We quickly learn when we start out training that weight has very little bearing on how “heavy” an opponent actually feels.
Personally, I’ve had 135 pound training partners feel like a ton of bricks on my chest, while I have also had training partners weighing in near 250 pounds or more that were easily moved or swept. While weight can certainly be an advantage against two similarly matched opponents, it becomes less and less of a factor as the gap in skill sets increases. It’s likely that you have experienced something similar in your training as well.
If you are among the lighter practitioners in your academy, learning how to feel heavy and create immense amounts of pressure is a top priority. If you are among the heavier practitioners in your academy, my advice would be not only to learn to create pressure, but learn it from a smaller, lighter practitioner. The “big guys” that can move like the “smaller guys” are among the most deadly and will be much more capable as they continue to grow their skill set and perfect their craft.
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Having the ability to create pressure from any position is a necessary skill set to have in grappling. It becomes particularly important when we look at controlling the opponent and preventing escapes. In order to prevent your opponent from escaping there is more to it than just a lot of pressure. You need to also know what their goals are. What options do they have from here? For example, from side control, the opponent will need to use their arm that is closest to you for 90 percent (or more) of the escapes. By eliminating the frame, and any hope of restoring the frame, you remove the risk of your opponent being able to start using use as a frame to shrimp against.
Let’s take a look at how Professor Bernardo Faria drives extreme amounts of pressure into his opponents, with ease, or at least it seems that way.
Starting out in side control Professor Faria starts by getting the what may seem like a standard cross face with his right arm under the opponent’s head. If you look closely, what Professor Faria is doing here is much different than the “standard” cross face that we typically see. Professor Faria is reaching deep under his opponent’s head and cupping the shoulder, arm pit, or Gi around the shoulder, depending on what he can reach. As shown in the video, he is using his right arm to pull the opponent towards him causing the opponent to lift their shoulder giving him access to it with his right hand. Doing this gives him an anchor point. A point on which he can use to pull his shoulder even harder into his opponent’s jaw. Simply driving into the opponent is certainly going to create a decent amount of pressure, but doing this allows Professor Faria to use the push pull method of pushing his shoulder into the jaw while pulling the opponent into him at the same time, effectively doubling the amount of pressure he is able to create.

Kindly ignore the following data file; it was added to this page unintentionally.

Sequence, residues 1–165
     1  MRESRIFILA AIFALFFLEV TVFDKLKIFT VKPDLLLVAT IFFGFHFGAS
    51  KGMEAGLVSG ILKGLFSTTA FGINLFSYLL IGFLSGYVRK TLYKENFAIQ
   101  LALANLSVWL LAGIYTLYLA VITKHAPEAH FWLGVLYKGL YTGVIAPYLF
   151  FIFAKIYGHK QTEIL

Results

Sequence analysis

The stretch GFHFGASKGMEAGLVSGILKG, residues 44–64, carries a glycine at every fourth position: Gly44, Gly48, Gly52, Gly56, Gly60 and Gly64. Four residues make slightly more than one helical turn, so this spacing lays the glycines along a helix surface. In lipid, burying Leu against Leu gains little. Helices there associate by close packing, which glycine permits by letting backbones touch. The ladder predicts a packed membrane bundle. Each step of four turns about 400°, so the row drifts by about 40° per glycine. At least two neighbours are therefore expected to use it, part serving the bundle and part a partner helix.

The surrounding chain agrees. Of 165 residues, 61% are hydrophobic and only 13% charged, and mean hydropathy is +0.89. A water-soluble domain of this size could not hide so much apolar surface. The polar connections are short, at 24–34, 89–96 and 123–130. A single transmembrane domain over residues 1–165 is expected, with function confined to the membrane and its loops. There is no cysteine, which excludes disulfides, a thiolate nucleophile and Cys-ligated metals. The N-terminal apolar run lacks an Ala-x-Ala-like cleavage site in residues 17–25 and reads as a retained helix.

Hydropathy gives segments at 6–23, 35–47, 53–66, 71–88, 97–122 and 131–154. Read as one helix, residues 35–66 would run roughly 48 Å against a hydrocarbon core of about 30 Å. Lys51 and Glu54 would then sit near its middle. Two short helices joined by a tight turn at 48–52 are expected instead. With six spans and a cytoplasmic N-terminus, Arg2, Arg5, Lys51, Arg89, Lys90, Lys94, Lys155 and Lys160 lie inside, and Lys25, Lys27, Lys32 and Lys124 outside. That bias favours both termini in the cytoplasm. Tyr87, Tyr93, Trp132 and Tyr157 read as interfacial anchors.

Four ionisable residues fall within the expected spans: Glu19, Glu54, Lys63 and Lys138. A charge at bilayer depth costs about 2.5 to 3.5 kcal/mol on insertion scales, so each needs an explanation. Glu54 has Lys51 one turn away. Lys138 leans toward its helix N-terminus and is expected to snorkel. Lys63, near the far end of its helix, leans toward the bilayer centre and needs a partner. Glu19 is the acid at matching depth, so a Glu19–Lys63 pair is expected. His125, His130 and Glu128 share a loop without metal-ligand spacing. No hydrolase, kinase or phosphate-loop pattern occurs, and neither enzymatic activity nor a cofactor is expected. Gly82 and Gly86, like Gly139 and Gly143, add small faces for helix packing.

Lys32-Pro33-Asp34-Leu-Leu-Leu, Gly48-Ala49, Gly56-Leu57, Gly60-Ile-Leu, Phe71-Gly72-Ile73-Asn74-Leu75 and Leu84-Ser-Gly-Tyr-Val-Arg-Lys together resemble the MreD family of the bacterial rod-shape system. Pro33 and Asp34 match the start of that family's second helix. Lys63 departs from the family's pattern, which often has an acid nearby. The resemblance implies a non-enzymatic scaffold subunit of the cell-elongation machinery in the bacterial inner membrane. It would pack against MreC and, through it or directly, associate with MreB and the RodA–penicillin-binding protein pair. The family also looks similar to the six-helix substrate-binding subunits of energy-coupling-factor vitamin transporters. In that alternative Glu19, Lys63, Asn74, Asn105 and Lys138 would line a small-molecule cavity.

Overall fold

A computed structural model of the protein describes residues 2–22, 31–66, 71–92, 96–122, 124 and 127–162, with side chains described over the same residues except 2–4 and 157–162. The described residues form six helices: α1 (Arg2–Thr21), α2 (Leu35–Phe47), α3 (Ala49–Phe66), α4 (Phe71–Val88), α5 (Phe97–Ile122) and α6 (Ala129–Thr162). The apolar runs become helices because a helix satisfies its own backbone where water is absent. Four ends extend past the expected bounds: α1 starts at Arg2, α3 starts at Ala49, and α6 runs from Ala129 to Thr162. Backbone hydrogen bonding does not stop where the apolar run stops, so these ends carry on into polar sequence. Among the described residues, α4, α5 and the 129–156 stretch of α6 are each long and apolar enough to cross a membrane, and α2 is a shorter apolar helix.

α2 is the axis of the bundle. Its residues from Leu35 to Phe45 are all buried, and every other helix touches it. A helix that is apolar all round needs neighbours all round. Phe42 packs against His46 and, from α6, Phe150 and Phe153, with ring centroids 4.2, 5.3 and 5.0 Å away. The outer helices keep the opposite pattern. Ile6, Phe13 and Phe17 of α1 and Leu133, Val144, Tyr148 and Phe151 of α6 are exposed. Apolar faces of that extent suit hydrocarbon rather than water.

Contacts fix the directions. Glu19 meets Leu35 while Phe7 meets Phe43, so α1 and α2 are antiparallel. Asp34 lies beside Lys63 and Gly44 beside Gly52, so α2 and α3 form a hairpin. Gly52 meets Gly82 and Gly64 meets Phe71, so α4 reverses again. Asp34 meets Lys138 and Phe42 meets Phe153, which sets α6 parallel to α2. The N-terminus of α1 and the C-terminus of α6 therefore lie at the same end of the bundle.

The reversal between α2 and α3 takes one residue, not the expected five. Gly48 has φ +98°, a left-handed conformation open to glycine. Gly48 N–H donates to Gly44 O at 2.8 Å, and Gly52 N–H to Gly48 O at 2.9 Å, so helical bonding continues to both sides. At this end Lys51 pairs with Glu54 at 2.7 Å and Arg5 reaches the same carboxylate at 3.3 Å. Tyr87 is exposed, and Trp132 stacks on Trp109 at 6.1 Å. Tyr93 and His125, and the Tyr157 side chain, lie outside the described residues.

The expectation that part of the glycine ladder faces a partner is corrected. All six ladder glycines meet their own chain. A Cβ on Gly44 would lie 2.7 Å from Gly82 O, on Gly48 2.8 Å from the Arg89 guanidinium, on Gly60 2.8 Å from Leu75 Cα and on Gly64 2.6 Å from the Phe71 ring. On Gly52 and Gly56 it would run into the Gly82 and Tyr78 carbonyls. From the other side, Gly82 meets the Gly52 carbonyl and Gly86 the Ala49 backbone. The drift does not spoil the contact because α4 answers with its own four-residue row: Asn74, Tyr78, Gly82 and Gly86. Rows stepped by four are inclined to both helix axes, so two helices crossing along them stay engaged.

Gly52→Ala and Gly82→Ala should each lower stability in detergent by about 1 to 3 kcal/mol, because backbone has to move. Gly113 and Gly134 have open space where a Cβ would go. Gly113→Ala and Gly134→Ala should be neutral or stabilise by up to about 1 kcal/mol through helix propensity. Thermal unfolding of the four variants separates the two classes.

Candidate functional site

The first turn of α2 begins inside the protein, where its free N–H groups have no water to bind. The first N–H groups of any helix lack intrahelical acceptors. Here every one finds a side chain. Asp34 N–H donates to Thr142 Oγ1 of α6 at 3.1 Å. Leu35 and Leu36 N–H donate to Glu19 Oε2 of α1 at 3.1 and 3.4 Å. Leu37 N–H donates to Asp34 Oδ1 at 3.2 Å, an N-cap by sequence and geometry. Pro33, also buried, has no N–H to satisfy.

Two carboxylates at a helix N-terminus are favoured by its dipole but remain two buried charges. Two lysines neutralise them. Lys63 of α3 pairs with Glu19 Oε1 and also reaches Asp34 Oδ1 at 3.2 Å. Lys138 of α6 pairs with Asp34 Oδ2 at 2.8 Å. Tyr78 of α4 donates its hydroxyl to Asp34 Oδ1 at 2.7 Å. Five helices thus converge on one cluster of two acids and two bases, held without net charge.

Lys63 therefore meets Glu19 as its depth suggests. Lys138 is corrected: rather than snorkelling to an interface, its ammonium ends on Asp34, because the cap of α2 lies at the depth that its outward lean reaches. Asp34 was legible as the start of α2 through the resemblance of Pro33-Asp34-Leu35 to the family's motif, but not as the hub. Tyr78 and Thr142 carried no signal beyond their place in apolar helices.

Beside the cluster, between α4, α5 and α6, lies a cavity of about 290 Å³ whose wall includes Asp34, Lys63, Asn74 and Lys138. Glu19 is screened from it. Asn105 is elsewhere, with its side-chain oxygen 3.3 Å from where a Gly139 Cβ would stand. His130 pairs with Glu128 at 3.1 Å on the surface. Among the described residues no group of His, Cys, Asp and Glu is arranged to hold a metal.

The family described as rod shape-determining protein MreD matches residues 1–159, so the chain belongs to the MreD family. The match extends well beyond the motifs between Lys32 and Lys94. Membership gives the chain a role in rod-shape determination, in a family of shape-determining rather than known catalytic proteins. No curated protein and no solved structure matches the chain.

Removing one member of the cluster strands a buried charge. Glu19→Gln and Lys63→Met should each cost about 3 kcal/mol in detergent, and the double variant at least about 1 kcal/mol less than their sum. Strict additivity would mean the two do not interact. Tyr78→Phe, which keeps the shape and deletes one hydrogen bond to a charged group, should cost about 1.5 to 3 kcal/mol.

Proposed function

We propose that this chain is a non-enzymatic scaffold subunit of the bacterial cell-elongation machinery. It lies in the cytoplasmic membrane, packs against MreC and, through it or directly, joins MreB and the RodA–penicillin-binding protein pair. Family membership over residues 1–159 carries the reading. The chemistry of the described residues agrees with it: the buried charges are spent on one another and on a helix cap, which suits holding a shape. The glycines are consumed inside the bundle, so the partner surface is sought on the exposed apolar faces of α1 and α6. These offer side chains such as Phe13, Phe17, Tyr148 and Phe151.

From here Professor Faria is able to free his left hand to continue his mission of inflicting maximum pressure. Should his opponent cause any issues, the left hand can be used as a base at any moment without giving up the cross face or losing any part of the position. Next, Professor Faria hops up to his toes, keeping his knees off of the ground and focusing on making his shoulder that is driving into the opponent the single point of contact for all of his pressure. He can now use his left hand to control the lower half of his opponent’s body, remember controlling the hips, is controlling the opponent.
To control the lower half of his opponent Professor Faria likes to take his left hand and get a grip on the Gi pants on the opponents near side leg, ideally close to, or on the knee. From here he can simply extend his arm driving the opponent’s knees and hips away from him and pinning them to the ground. At this point the opponent’s upper back is on the flat on the floor and their spine is being twisted as we move down towards the legs and hips that are facing away from us. This position makes any type of escape attempt very difficult, if not impossible.
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Once we are able to achieve control of the entire upper and lower body we can now move to eliminate the possibility of the opponent using a frame by bringing our hip that is closest to the opponent’s head back to the opponent’s body and driving up along their ribs with our knee, clearing their elbow and driving their arm up to their head similar to an arm triangle position. From here, we simply bring our knees tight to the opponent’s side and end this position at what I would call somewhere between 1 o’clock and 2 o’clock (assuming the opponent’s head is 12 o’clock).
You can see the level of detail in this short 4 minute video that goes into creating pressure at a world class level. Details and secrets previously reserved for the elite athletes, and only obtained through traveling to train with the greats are now available to us through the work of BJJ Fanatics and the library of video instructionals they have made available to us. This ever growing compilation of video instruction from the world’s best grapplers is sure to take our sport to the next level.
If you liked Professor Faria’s style in this “Creating Pressure in Side Control” video, check out his No Gi video instructional titled “No Gi Pressure Passing” for insane detail on his signature guard pass, the over under pass (No Gi version) as well as many others. Or, if you prefer the Gi, check out “Battle Tested Pressure Passing” by Bernardo Faria.
Bernardo Faria is arguably the most well rounded BJJ Athlete in the world, with 5… yes 5 world titles. Check out his DVD series called Battle Tested Pressure Passing By Bernardo Faria.